Writer-director Nicholas Stoller is best known for writing and directing movies with people like Judd Apatow (Forgetting Sarah Marshall) and Seth Rogen (Neighbors), so it's bit of a jolt to see him behind a movie that doesn't prominently feature drugs or bodily functions.
While Stoller successfully revived Jim Henson's creations with The Muppets, his new animated comedy involving the birds that used to deliver baby people suffers a little from not being able to indulge in the sort of humor that terrifies parents and secretly amuses them.
83 Cast: Voices of Andy Samberg, Katie Crown, Kelsey Grammer, Jennifer Aniston, Ty Burrell, Anton Starkman, Keegan-Michael Key, Jordan Peele, Danny Trejo, Stephen Kramer Glickman
Co-directors: Nicholas Stoller and Doug Sweetland
Rating: PG, for mild action and some thematic elements
Running time: 1 hour, 29 minutes
At the beginning of Storks, Stoller and co-director Doug Sweetland reveal the birds no longer bring bundles of joy to humans' doorsteps because it's now more profitable to compete with Amazon. After all, consumer goods usually don't require the gentle care that babies require.
Another factor is that a rogue stork named Jasper (Danny Trejo) got too enamored of baby Tulip (Katie Crown), so the storks ended up having to raise her for themselves.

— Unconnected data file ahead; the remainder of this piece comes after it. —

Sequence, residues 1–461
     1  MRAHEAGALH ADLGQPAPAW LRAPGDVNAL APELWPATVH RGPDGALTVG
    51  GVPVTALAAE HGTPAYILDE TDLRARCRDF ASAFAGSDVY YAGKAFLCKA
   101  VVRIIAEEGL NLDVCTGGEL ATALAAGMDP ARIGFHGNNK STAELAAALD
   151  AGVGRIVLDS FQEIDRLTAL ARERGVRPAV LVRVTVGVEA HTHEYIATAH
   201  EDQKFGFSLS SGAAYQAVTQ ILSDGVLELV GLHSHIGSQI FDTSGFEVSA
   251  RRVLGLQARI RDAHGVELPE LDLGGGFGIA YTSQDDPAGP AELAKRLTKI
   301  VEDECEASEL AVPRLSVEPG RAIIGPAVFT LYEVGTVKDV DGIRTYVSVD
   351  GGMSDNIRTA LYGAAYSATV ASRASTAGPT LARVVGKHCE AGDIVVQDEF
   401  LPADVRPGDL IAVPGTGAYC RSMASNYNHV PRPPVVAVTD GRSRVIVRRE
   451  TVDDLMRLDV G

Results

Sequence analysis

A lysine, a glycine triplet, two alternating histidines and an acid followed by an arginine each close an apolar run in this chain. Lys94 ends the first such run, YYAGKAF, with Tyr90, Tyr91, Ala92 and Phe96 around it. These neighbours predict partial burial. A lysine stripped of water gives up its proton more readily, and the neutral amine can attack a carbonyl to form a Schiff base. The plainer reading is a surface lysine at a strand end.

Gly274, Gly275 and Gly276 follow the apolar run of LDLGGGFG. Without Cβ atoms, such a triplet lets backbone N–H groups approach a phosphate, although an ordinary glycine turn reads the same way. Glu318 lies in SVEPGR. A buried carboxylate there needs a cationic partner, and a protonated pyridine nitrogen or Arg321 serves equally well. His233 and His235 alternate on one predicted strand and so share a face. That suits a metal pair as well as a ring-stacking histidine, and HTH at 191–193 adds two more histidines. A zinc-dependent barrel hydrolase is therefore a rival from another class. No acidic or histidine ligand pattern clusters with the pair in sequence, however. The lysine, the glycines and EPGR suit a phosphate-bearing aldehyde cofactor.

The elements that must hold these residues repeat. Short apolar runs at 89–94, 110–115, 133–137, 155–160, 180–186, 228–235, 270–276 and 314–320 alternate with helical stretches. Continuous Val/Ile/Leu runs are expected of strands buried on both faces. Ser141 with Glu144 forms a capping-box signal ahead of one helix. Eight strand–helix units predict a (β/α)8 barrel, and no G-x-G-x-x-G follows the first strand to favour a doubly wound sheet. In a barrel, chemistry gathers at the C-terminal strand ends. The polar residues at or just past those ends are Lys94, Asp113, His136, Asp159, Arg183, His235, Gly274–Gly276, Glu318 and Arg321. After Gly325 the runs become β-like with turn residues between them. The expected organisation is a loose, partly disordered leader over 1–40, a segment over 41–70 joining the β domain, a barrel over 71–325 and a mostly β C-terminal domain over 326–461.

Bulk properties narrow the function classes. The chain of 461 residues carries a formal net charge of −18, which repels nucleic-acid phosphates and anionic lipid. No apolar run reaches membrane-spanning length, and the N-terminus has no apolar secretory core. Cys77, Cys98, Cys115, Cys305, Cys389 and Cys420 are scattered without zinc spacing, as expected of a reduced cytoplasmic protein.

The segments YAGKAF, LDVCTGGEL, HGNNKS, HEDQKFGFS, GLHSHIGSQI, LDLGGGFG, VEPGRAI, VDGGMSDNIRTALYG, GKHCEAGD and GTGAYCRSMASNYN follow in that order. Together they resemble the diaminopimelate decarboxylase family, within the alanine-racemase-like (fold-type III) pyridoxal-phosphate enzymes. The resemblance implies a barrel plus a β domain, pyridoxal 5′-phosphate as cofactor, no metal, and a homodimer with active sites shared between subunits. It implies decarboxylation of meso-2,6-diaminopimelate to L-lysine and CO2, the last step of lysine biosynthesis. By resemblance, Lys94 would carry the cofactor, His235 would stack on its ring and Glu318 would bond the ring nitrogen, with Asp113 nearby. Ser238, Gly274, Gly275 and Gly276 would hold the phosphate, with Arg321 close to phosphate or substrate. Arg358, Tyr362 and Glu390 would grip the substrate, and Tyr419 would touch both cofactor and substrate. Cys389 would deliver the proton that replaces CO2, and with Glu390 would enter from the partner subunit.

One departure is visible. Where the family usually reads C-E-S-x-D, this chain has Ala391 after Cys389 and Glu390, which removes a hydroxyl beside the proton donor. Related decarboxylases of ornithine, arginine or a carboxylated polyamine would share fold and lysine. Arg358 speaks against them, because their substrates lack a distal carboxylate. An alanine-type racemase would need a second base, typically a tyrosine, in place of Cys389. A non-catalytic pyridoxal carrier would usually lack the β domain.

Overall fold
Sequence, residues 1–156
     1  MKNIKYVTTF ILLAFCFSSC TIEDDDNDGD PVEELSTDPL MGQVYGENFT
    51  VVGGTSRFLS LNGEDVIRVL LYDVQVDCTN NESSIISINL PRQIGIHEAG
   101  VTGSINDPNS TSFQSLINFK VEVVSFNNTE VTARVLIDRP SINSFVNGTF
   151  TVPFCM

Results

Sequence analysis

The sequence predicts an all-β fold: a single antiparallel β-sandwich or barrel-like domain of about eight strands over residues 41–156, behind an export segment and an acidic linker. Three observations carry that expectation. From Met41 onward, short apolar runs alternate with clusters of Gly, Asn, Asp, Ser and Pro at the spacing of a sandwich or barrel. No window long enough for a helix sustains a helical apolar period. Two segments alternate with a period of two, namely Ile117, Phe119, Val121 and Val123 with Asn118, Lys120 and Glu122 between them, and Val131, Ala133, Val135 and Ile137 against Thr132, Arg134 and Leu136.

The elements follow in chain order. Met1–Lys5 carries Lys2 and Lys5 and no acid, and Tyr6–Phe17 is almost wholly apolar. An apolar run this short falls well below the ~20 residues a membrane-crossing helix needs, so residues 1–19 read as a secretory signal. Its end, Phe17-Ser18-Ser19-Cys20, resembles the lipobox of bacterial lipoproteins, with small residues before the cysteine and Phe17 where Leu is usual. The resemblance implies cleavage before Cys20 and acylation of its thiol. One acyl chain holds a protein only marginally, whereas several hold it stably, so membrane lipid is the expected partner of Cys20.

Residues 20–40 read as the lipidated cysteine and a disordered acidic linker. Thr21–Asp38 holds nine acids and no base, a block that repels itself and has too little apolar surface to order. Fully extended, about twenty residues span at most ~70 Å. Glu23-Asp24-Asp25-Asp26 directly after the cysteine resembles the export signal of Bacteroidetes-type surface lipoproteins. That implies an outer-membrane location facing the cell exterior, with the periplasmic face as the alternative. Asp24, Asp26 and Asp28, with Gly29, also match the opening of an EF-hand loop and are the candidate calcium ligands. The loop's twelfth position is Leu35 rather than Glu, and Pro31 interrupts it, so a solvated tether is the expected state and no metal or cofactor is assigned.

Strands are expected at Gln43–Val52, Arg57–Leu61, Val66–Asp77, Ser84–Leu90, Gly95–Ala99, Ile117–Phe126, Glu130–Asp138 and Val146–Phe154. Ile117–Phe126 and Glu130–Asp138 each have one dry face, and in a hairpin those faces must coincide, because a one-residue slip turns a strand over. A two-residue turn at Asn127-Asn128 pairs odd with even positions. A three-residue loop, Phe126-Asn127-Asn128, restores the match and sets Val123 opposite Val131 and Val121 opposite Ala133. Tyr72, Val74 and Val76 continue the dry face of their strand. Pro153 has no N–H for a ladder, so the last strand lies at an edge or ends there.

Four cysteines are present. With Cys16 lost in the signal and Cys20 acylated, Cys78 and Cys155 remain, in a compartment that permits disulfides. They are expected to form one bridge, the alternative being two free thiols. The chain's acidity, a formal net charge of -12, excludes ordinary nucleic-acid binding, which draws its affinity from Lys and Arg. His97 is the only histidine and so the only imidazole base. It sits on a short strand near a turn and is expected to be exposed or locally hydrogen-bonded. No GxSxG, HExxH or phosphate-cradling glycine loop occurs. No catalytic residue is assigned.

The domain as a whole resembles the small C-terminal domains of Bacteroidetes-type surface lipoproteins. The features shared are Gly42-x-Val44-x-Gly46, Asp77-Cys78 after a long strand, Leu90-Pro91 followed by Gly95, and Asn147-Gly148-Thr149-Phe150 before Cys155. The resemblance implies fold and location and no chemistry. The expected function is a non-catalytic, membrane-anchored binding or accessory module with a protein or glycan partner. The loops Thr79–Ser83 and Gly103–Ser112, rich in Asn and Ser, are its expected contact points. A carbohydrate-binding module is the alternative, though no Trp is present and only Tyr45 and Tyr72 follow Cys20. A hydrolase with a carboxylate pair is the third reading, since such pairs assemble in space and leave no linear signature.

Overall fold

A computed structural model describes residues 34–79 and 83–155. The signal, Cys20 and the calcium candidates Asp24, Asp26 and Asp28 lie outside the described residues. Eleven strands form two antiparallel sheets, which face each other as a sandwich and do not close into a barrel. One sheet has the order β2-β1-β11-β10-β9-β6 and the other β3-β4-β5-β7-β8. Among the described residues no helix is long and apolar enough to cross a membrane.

Now that the baby operation has stopped, eager courier Junior (Andy Samberg) is in line to run day-to-day operations.
It's a cushy job, but there's a catch.
The company's chairman, Hunter (Kelsey Grammer), wants him to fire Tulip, who as an adult spends most of her time making impressive machines that inadvertently wreck profit margins. It's a tall order for the softhearted fowl.
Perhaps Junior could have acted more quickly. Tulip takes a letter for a small boy named Nate Gardner (Anton Starkman) who wants a little sibling. She reactivates the baby making machine, and now she and Junior have to get the bundle of joy to its new parents before Hunter finds out.
Adding to the crisis is that Junior has recently injured his wing.
As with anything involving babies, there's a surplus of cute to go around in Storks. You also can't go wrong with casting Keegan-Michael Key and Jordan Peele (aka Key and Peele) as two not-completely heartless wolves.
Despite a good deal of chaotic action and visual overkill (nothing is small in this movie), the story feels oddly thin and the running time feels padded. Waiting for Tulip to transform from a well-meaning bungler to a hero gets tiring, and after a while one begins to side with the ruthless Hunter.
In addition, the portions of the movie that deal with Nate's parents (Jennifer Aniston and Ty Burrell) make Storks feel like a long layover. The two are so career obsessed that they continue to ignore Nate's wishes for a brother.
One wonders if Mom and Dad would actually be worse parents with two youngsters to raise neglectfully and if it might have helped the film if it acknowledged that babies can be as frustrating as they are adorable.
Dealing with that fact actually results in Stoller's most inspired sequence. Junior and Tulip have to defend Nate's new sibling against violent penguins (kind of like the ones in Madagascar), but the child is sleeping.
The combatants have to figure out how to defeat each other without waking the infant, so the battle achieves a sort of comic epiphany that's hard to repeat in the rest of the movie.
With more kid-friendly sequences like that, Stoller could become a comedy grown-up.
MovieStyle on 09/23/2016